Nov 18, 2014 11:47 AM
Brazil ex-billionaire on trial for insider trading
The Associated Press
RIO DE JANEIRO (AP) Eike Batista, the flamboyant Brazilian tycoon once named No. 7 on Forbes' list of the world's richest people, went on trial Tuesday in an insider trading case that could make him the first person in the country to go to prison on such charges.
The 58-year-old former billionaire who once reveled in the limelight made a now-rare public appearance with his arrival Tuesday at a federal criminal court in Rio de Janeiro.
It's the latest chapter in a vertiginous fall that saw Batista's estimated $30 billion fortune evaporate over the past two years as his oil, mining, logistics and shipbuilding empire crumbled. Batista often used to say he hoped to dethrone Mexico's Carlos Slim to become the world's richest person, but now says he's $1 billion in debt.
Batista faces market manipulation charges in the sales of shares in two of his companies, including the OGX oil exploration and production unit that filed for bankruptcy protection last year. If convicted, Batista faces fines and up to 13 years in prison, but experts say he could get a lighter sentence as a first-time defendant.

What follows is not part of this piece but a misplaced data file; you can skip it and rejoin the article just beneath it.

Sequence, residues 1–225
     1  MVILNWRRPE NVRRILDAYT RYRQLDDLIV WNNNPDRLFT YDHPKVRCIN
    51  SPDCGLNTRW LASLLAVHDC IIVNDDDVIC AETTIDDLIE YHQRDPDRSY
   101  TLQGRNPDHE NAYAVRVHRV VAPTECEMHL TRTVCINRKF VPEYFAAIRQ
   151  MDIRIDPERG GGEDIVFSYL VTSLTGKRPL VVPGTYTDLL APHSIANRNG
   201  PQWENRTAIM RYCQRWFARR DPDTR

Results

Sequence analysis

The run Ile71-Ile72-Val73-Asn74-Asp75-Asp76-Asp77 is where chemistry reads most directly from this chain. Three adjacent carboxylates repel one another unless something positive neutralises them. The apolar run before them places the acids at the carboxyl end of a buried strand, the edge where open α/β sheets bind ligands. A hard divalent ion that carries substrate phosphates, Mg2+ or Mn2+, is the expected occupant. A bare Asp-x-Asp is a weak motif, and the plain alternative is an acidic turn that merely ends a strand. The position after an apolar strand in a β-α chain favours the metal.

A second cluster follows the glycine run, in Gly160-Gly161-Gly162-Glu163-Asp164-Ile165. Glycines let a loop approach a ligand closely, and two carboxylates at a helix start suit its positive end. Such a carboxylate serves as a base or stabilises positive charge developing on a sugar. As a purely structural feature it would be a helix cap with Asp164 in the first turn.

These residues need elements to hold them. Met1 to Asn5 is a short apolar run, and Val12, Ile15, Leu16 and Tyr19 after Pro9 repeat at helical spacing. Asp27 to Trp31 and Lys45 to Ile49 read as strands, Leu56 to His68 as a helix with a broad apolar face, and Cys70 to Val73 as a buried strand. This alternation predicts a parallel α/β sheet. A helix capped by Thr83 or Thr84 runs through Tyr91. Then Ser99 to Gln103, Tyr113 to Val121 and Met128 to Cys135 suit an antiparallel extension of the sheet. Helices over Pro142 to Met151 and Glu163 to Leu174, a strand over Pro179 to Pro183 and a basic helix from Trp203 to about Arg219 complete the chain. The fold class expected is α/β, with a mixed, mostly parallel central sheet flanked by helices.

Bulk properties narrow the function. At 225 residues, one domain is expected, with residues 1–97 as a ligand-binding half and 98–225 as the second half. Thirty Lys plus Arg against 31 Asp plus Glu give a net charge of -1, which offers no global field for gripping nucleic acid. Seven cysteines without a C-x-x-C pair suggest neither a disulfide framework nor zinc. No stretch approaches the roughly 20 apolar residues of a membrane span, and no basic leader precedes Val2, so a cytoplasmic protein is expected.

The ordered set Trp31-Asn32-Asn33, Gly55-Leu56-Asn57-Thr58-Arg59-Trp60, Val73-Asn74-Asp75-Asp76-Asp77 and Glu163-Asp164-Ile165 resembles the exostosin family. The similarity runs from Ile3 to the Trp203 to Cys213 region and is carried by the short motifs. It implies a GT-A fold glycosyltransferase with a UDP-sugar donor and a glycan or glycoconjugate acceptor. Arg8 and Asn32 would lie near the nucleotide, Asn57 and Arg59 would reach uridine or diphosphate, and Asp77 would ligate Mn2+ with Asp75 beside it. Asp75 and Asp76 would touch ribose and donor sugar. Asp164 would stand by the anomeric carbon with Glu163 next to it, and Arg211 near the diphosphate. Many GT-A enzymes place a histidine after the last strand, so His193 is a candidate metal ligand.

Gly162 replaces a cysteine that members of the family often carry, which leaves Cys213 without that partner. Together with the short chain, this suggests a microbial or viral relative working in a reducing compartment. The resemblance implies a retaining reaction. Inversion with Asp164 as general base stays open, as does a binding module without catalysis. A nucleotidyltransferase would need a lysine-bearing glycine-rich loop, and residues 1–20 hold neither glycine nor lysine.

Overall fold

Batista has insisted he's innocent, saying the shares he sold belonged to creditors, not him.
Experts say the trial marks a shift in Brazil, where the rich and powerful were long considered above the law. It follows a 2012 corruption trial seen as striking a blow against impunity when the Supreme Court convicted 25 top operatives of the governing Workers' Party in a cash-for-votes scheme.
"This (the Batista trial) is one more episode in what I see as the affirmation of the rule of law in the Brazilian democracy," said Paulo Sotero, who heads the Brazil Institute at the Wilson Center, a Washington D.C.-based think tank. "Impunity was so prevalent in Brazil it became part of the culture. Well, it looks like the culture is changing."
Batista used to invite the press to photograph his Rio mansion, with a Lamborghini parked in the living room. He posed during Carnival celebrations with his then-wife, a samba queen who donned a dog collar with "Eike" spelled out in rhinestones. His 2011 autobiography was a best-seller.
His ascent coincided with a commodities boom in Brazil that spurred annual growth reaching 7.8 percent in 2008 before it fall to current flat levels. After making No. 7 on the Forbes list in 2012, Batista then dropped to number 100 a year later and then off the list entirely a year after that.
The Batista family has tangled with the law in the past. One of Batista's three sons, Thor, was convicted on manslaughter charges last year in connection with the 2012 death of cyclist he struck with his Mercedes-MacLaren sports car. The judge sentenced him to two years community service and a 1 million real fine.